The catastrophes affected 5,206,534 people, many of whom were forced to seek refuge elsewhere, as per BNPB data accessed by ANTARA here on Wednesday.
Floods, whirlwinds, landslides, and bush and forest fires were the most common disaster events reported in the country. As many as 135,187 homes and 2,920 public facilities were damaged in their aftermath.
According to the BNPB, Indonesia recorded 592 floods, 394 whirlwinds, and 288 landslides in the first half of this year.
In addition, the archipelago experienced 108 bush and forest fires, 20 events involving abrasion and high waves, 19 disastrous earthquakes, and two droughts.
The disaster events, which left 12,853 people injured, also damaged 1,367 educational facilities, 1,207 houses of worship, 346 health facilities, 492 office buildings, and 282 bridges.
Highlighting Indonesia's vulnerability to a variety of natural hazards, BNPB spokesperson Raditya Jati has appealed to the people to remain alert.
This year, one of the deadliest catastrophes that Indonesia experienced was the 6.2-magnitude earthquake that rattled the districts of Mamuju and Majene in West Sulawesi province on January 15.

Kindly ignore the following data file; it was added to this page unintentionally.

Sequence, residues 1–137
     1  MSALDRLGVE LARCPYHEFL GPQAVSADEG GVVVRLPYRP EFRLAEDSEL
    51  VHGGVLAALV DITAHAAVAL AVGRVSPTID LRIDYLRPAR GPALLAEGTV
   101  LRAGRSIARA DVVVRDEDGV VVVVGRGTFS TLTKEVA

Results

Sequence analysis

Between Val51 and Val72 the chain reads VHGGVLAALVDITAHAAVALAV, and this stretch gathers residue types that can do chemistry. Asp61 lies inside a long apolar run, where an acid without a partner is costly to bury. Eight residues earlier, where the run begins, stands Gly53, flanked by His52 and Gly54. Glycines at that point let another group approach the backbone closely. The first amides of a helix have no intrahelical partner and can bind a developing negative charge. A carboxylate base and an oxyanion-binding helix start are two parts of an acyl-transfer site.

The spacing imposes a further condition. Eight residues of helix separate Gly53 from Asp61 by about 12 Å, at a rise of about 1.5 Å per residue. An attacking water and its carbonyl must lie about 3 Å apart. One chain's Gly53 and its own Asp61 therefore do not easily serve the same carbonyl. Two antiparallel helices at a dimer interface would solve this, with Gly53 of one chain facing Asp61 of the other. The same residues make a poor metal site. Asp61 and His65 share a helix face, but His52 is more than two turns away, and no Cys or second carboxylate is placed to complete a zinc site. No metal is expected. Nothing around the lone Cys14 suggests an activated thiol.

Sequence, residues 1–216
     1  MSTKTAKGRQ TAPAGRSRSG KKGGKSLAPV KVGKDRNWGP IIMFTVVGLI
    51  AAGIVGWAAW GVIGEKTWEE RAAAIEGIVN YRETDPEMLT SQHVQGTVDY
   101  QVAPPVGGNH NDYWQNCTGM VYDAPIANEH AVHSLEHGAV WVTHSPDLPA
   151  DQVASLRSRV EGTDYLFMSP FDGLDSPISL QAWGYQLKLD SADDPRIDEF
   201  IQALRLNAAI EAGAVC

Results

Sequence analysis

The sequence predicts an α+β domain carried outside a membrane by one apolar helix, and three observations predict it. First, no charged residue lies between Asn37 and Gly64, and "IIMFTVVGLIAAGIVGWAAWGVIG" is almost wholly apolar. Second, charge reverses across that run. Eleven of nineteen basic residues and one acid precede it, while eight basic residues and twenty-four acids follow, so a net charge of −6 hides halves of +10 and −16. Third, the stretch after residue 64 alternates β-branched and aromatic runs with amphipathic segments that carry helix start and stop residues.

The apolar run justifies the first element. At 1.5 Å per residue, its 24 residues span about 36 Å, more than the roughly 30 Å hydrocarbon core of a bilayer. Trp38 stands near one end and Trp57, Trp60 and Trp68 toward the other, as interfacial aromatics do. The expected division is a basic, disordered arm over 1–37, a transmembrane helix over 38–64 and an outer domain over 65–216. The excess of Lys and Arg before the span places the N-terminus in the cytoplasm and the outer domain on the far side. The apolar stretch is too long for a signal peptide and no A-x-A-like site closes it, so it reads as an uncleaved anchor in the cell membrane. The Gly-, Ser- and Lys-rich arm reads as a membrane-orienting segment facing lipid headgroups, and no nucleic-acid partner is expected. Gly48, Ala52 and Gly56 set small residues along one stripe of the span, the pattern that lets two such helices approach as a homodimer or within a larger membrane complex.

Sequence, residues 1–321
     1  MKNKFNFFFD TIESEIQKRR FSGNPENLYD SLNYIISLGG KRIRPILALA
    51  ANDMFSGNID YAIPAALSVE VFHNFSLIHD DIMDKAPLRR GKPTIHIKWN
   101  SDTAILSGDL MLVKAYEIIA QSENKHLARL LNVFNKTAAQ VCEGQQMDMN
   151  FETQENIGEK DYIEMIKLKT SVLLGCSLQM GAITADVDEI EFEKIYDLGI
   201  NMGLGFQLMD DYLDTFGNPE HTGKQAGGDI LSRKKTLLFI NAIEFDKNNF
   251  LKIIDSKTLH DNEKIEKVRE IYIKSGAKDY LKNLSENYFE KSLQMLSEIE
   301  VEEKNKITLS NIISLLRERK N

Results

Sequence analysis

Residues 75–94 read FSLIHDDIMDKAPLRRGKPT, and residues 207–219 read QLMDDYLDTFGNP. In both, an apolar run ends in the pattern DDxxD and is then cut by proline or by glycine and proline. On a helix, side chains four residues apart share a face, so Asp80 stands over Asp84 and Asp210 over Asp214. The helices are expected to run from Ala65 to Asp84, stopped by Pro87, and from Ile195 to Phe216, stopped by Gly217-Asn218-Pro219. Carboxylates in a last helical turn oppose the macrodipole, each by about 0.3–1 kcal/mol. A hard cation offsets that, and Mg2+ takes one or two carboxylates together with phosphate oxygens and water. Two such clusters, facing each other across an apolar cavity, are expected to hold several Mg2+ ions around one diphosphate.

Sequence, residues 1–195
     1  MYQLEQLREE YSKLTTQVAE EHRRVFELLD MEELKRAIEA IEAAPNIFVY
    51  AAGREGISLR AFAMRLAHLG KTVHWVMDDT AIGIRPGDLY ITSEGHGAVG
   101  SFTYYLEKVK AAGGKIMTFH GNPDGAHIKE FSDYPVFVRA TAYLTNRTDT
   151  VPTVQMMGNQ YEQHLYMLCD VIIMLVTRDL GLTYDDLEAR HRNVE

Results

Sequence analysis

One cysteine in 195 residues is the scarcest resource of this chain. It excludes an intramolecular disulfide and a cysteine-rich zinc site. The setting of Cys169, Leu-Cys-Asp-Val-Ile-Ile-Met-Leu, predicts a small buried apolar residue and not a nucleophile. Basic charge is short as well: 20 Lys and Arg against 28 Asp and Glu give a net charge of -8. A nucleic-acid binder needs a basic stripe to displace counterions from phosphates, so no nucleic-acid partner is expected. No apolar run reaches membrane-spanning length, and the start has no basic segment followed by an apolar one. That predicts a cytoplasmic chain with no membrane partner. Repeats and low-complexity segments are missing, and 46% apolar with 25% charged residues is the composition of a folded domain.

The quake claimed more than 100 lives and acutely affected several residents in sub-districts such as Mamuju, Tapalang, Tapalang Barat, Simboro Kepulauan, Kalukku, and Bonehau.
The earthquake damaged 9,179 houses in Mamuju district alone, the BNPB reported.
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Sulawesi Island has repeatedly witnessed deadly earthquakes. On September 28, 2018, a 7.4-magnitude earthquake hit several parts of Central Sulawesi province, triggering a tsunami and soil liquefaction in Palu, the provincial capital.
The earthquake claimed 2,102 lives, left 4,612 persons injured, displaced 78,994 people, and rendered 680 others missing.
A total of 68,451 homes incurred serious damage in the quake.
Given the large number of rotting corpses, the authorities and humanitarian workers were forced to resort to mass burials.
Indonesia recorded its deadliest earthquake, which claimed 170 thousand lives, on December 26, 2004.
The undersea megathrust quake rattled Banda Aceh and several other parts of Aceh province, triggering a giant tsunami, which laid to waste several parts of the city located on the northernmost tip of Sumatra Island. (INE)
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EDITED BY INE